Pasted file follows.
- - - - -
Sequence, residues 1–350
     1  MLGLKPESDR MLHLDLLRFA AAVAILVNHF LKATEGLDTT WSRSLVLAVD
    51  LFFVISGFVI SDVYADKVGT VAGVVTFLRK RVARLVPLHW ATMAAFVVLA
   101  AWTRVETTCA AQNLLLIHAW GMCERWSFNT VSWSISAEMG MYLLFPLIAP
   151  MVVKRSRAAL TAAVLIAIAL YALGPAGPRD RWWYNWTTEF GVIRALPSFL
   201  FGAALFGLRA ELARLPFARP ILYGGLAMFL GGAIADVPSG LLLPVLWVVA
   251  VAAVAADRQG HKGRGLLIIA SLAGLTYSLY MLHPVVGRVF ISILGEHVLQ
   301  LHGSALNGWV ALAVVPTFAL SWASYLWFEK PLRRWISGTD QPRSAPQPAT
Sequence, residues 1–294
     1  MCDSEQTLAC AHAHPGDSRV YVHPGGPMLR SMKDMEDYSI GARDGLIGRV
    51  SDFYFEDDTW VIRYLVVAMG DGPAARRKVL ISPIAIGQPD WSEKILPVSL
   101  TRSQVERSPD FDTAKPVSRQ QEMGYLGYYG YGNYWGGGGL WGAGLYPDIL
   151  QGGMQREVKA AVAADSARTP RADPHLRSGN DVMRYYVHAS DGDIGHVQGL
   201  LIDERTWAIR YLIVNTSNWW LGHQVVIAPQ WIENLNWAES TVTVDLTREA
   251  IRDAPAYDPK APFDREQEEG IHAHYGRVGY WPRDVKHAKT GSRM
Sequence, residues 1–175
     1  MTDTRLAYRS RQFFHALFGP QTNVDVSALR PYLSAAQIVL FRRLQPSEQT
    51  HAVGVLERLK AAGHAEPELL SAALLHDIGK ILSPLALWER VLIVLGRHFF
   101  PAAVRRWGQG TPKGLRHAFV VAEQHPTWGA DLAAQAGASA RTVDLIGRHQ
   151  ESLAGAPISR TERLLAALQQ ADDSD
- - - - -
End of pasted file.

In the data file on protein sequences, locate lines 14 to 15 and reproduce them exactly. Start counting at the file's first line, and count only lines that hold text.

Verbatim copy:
   201  LIDERTWAIR YLIVNTSNWW LGHQVVIAPQ WIENLNWAES TVTVDLTREA
   251  IRDAPAYDPK APFDREQEEG IHAHYGRVGY WPRDVKHAKT GSRM